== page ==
17 August 2016
By Bryan Smyth
Commenting on the publication of the Leaving Cert results today, EMC, the IT multinational that employs 3,000 people in Ireland, has welcomed the rise in the number of secondary school pupils studying STEM subjects and taking Higher-level Mathematics but signalled caution over failure rates in the ordinary level paper.
This year, 28% of students sat the Higher-level Mathematics paper, up on 2015 numbers and a 16% jump on five years ago. Over 11% achieved an A grade this year. The numbers failing to secure a minimum D grade in ordinary maths is up 6%.
The number of students sitting the Higher-level Physics, Chemistry, Applied Mathematics, Business and Economics paper also increased – key subjects in pursuing a career in technology.
Commenting, Bob Savage, Vice President and Managing Director of EMC Centres of Excellence EMEA and head of EMC Ireland, said: “Today’s results are clear evidence that our secondary school system is succeeding in placing emphasis on STEM education.
“The increase in those opting for STEM subjects and the results achieved is encouraging and hugely beneficial as Ireland’s information technology sector – a high-growth sector in our economy – continues to grow and attract inward investment. However, we need to be mindful of the increase in failure rates in ordinary maths and work to ensure this trend does not continue.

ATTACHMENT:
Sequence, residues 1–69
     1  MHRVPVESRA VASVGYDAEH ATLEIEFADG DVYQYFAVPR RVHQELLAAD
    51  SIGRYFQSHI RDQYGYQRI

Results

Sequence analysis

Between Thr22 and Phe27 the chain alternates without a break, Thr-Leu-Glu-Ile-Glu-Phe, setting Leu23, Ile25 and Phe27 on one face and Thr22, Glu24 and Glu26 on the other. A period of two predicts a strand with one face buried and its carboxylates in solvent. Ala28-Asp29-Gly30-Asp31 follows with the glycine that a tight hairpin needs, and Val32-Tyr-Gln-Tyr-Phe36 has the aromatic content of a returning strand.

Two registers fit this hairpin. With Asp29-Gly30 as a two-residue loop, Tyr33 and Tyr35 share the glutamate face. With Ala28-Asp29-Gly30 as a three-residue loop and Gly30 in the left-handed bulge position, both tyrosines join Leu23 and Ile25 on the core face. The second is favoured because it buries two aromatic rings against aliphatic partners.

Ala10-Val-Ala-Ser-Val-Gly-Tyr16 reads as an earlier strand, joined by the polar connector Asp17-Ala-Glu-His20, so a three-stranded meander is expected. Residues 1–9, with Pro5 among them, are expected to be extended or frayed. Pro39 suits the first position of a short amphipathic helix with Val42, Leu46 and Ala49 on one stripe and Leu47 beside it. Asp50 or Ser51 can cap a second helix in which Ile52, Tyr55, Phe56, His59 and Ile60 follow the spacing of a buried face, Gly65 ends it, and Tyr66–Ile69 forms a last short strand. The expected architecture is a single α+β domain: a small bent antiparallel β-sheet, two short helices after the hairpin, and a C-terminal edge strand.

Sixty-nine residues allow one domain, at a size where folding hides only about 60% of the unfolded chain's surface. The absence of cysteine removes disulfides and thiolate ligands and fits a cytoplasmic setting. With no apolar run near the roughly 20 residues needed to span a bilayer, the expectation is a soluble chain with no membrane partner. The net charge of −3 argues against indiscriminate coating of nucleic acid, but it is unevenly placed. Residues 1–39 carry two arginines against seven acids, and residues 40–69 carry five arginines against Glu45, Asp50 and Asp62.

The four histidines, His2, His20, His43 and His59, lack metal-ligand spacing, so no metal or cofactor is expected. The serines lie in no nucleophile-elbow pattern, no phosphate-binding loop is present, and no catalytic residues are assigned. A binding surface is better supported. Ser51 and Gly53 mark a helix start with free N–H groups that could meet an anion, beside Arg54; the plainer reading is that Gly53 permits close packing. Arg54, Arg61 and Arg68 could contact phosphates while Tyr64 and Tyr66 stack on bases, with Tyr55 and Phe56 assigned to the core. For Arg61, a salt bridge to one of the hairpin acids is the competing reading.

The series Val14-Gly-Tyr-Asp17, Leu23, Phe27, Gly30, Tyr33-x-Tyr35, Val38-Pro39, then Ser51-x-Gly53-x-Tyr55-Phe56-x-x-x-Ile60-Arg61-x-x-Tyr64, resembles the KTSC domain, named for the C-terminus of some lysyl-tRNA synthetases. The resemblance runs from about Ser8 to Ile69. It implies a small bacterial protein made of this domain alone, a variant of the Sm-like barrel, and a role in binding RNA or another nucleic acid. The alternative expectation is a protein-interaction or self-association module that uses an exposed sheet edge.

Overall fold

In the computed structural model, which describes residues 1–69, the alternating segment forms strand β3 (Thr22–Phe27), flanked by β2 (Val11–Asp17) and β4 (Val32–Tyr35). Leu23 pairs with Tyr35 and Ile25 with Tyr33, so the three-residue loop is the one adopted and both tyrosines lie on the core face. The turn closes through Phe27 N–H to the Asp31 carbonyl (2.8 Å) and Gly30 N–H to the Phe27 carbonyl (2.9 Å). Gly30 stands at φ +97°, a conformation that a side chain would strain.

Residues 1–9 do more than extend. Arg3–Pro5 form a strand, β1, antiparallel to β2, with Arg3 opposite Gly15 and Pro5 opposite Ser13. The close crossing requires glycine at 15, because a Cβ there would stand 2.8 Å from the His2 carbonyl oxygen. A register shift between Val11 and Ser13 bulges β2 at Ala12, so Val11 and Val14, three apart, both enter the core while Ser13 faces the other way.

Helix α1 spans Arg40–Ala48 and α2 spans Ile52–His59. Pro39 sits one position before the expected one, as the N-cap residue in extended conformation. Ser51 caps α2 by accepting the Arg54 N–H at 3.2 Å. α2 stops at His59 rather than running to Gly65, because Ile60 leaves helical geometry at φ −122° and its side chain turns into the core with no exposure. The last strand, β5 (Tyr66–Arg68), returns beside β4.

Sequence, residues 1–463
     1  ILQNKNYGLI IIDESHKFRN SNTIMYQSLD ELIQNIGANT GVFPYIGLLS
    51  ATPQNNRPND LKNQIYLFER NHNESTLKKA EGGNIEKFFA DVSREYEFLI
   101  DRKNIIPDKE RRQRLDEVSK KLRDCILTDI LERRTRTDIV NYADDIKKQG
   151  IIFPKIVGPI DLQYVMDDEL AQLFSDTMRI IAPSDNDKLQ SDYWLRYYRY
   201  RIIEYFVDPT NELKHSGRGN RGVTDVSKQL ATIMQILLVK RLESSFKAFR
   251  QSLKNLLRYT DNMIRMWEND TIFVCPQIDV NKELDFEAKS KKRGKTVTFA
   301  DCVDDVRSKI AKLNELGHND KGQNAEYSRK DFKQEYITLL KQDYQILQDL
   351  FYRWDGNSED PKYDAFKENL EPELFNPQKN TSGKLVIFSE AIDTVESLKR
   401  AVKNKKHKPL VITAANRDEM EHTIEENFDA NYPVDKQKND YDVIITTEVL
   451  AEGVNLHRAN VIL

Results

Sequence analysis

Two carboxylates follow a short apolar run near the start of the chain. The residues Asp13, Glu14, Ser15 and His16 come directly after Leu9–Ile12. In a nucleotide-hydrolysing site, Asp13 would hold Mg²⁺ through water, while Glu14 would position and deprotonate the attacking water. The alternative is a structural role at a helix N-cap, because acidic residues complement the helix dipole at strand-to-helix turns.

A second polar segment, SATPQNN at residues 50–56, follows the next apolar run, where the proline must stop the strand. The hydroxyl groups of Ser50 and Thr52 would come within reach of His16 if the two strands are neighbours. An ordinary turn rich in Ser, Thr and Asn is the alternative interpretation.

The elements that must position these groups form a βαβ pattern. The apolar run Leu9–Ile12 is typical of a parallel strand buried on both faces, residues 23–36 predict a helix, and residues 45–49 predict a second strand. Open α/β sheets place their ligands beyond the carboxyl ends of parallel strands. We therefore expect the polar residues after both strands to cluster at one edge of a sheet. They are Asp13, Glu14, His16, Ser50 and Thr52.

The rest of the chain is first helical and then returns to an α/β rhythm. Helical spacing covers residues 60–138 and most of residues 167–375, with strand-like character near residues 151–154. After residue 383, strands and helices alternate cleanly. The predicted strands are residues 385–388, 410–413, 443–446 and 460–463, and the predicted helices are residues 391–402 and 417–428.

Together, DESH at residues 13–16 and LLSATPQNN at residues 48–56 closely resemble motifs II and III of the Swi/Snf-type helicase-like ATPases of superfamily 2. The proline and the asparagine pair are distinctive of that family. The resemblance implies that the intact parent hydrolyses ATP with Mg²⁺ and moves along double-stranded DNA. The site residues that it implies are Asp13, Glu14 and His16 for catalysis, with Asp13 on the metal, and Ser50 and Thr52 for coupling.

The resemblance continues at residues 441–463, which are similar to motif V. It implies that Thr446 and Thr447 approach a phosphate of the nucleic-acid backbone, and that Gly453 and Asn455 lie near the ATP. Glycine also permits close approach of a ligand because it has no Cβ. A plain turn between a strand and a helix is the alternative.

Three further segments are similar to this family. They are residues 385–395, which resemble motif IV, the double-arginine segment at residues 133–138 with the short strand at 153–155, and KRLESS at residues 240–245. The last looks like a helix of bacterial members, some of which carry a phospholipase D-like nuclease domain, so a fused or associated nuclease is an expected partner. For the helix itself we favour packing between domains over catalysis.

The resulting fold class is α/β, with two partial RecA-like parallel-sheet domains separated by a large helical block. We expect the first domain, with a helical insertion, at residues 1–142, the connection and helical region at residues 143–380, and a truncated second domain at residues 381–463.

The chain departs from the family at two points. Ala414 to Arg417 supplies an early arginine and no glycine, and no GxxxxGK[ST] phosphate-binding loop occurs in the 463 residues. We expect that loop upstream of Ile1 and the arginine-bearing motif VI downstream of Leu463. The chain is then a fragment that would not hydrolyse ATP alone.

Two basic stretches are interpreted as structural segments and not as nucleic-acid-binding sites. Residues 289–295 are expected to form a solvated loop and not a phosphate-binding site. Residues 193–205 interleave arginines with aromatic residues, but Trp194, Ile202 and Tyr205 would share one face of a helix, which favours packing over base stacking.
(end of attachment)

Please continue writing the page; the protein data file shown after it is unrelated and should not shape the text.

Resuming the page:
“It is absolutely essential for Irish young people to master the skills necessary to excel in the world’s digital economy. Data analysts, computer engineers and software developers are the roles of the future. Expertise in STEM will keep Ireland competitive internationally and drive economic growth, particularly in new disruptive fields like cloud and cybersecurity.
“Government and industry must continue to work together to provide solutions to Ireland’s ongoing STEM skills shortage. Key to this is the introduction of computer science as a taught and examined subject in Irish schools, and we welcome Minister Bruton’s recent call to introduce programming at primary level.”